Michael McCutcheon ~ Class of 1974

Michael McCutcheon ~ Class of 1974

Arrived ~ 6/12/1956

Departed ~ 2/2/2021

Lovingly submitted by his brother Steve McCutcheon

Michael William McCutcheon, died February 2nd, 2021 from a stroke. He was a member of the 1974 ISB class. Mike graduated with a Masters in Psychology and was a clinical psychologist working for the state of California until 2007 when he moved to Montana and opened his own practice in Kalispell. He retired in 2018 and moved back to California to be near his family.

Michael William McCutcheon

June 12, 1956 ~ February 2, 2021 (age 64)


We are sad to announce that on February 2, 2021, we had to say goodbye to Michael McCutcheon. Family and friends can light a candle as a loving gesture for their loved one. Leave a sympathy message to the family in the guestbook on this memorial page of Michael McCutcheon to show support

Please send pictures (old and new), anecdotes, articles, stories, and tributes to isbeings at gmail dot com or visit us on Facebook at ISBeings

Joseph Stuart Berryman ~ Class of 1968

Stuart Berryman ~ Class of 1968

Arrived ~ 5/27/1950

Departed ~ 2/24/2021

Joseph “”Stuart”” Berryman, age 70, of North Port, Florida, passed away on February 24, 2021. He was born on May 27, 1950 in Norfolk, Virginia. He was an automobile mechanic and also a Go Cart Asian Grand Prix Champion in his youth. Stuart was also a veteran of the US Marine Corp. He is survived by his daughter, Tanya; a brother, Scott of North Port and several nieces and a nephew. Stuart was preceded in death by his parents, Rue & Jean Berryman; two brothers, Rue Berryman, Jr. and Stacy Berryman. A memorial gathering to celebrate Stuart’s life will be held at Farley Funeral Home in North Port from 4:30PM-6:00PM on Thursday, March 4, 2021. In lieu of flowers, memorial donations may be made to Tidewell Hospice Inc., 5955 Rand Blvd., Sarasota, Florida 34238. A message of condolence may be sent by visiting www.farleyfuneralhome.com.

8 IS GONE!!!!!

Please send pictures (old and new), anecdotes, articles, stories, and tributes to isbeings at gmail dot com or visit us on Facebook at ISBeings

Dr. Dixie Racheal Woodard ~ F-Faculty 1984 – 1991

Dr. Woodard ~ F-Faculty 1984 – 1991

Arrived ~ 8/22/43

Departed ~ 9/17/21

Lovingly written and submitted by her son Eric Woodard ISB Class of 1991

With the complete sadness of my entire heart for the coming days we will miss her on this earth, but joy and gratitude for the eternity that will be ours to share with her by God’s grace, I (Eric Woodard) must announce that my dear sweet momma Dixie Woodard has been called to the almighty loving glory of heaven’s host (September 17, 2021).

Besides myself my momma is survived by her husband and partner in life through 51 years of thick and thin John Woodard. She is also survived by her daughter-in-law and my wife Keri Woodard, who she loved so much. Perhaps dearest to her heart, she is also survived by our four children – her grandchildren: Fletcher, Piper, Deacon, and Jasper.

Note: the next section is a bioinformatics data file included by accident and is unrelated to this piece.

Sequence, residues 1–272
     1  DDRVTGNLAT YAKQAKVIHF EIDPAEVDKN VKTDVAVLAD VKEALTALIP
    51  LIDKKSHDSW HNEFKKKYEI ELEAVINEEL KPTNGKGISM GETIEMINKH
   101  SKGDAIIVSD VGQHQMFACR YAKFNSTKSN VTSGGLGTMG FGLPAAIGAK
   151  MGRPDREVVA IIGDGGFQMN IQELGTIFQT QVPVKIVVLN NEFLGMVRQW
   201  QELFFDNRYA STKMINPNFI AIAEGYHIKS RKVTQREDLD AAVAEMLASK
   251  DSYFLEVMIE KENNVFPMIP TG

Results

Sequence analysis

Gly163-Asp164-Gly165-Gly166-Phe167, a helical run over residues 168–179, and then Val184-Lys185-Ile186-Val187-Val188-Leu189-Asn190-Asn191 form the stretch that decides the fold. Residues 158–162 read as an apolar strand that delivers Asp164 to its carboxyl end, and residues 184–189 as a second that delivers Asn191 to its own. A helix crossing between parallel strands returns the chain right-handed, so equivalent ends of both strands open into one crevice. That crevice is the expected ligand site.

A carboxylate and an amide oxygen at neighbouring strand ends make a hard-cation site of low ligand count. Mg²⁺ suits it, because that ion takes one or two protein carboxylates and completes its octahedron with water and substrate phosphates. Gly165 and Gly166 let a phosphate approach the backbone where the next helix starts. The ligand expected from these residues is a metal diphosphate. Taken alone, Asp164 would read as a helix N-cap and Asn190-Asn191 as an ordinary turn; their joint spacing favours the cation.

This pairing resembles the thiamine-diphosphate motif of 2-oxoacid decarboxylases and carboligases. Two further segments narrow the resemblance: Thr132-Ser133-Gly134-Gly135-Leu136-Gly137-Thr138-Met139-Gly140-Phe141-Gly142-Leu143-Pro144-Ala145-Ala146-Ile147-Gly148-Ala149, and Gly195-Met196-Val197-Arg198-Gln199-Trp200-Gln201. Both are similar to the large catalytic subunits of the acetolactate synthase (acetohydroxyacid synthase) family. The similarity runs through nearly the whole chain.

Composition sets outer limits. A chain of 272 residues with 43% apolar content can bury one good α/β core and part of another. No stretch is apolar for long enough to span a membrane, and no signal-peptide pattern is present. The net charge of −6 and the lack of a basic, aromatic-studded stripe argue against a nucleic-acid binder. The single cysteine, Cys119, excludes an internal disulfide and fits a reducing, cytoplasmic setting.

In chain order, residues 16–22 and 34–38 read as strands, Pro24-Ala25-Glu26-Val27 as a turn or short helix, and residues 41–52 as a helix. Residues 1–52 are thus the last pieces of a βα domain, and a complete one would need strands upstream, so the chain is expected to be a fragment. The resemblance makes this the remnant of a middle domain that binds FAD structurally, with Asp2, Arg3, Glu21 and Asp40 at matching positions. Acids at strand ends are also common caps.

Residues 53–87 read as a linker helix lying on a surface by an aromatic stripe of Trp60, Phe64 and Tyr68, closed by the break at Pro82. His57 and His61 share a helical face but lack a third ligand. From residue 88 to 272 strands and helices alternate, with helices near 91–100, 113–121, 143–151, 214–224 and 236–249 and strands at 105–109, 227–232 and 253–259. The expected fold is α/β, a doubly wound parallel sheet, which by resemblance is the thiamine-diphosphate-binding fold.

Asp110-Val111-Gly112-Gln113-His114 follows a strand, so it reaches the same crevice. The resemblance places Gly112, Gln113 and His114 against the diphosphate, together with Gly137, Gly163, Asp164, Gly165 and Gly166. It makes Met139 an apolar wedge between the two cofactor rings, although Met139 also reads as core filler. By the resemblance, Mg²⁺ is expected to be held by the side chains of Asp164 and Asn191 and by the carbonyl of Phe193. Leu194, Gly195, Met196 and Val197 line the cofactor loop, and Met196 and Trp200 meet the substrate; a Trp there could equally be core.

Dr. Dixie Racheal Woodard was born on August 22, 1943 in Kansas City, MO to her loving parents George and Vernelle Wilson. Arriving 13+ years after her older siblings Jerry, Marjorie, and Shirley, my momma was the baby of her family. Shortly after she was born her family moved to the family farm in Keytesville, MO where she grew up among cows and pigs and chickens and goats and sheep. This is where she learned how to grow anything.

After graduating from Keytesville High School in 1961 she and her parents moved to Marshall, MO where she attended Missouri Valley College. Marshall would become the unifying place for her early life. It was from there that she taught in various schools in Texas, Kentucky, and all across Missouri. During this time she earned her Masters from Central Missouri State University in 1968 and married my father John Woodard on June 6, 1970. Marshall is also the place where she hatched me. I feel so so lucky to have had her as my momma. Between 1974 and 1982 she served as principal under the Missouri State School System for the Severely Handicapped at several schools in Marshall and Columbia, MO.

In 1982 our family moved to southern Thailand where my momma taught at the Prince of Songkla University Demonstration School and conducted research on the role of rural school principals for her doctorate, which she received in 1983 from the University of Missouri. In 1984 our family moved to Bangkok, where she taught first and second grade at the International School of Bangkok for next 8 years.

In 1994 my mom and dad moved to Guam, where my momma taught elementary school with Guam Public Schools for a year before joining the faculty of University of Guam as an Associate Professor under the College of Education.

In 2000 she moved to Foggy Bottom neighborhood of Washington, DC where, in her retirement, she occasionally taught courses at American University, and attended countless cultural events across our Nation’s capital. This is where she was so happy to see me get married and meet her four grandbabies between 2008-2018.

My momma was a teacher. The number of people all across the world that learned to read – or learned how to teach others to read – through her master teaching is inestimable. So many times, when many said, “that kid just can’t learn to read” she would say, “let me try” and that kid would read. If you were ever a student of my momma, know that she loves you and still believes in you.

My momma loved all sorts of music, especially live music. She would listen to Mariachi bands for hours. She would sit and listen to traditional Chinese instruments play till the wee hours of the night. One of my earliest memories if of her crying when Elvis died. When I did plays and musicals and sang in choirs, she always came to every single one of my performances; every single one (and there were A LOT).

My momma loved to grow things and could grow anything. She would take her grandkids through her garden and let them pick cucumbers and peppers and tomatoes and everything right off the vine so they could eat them right there.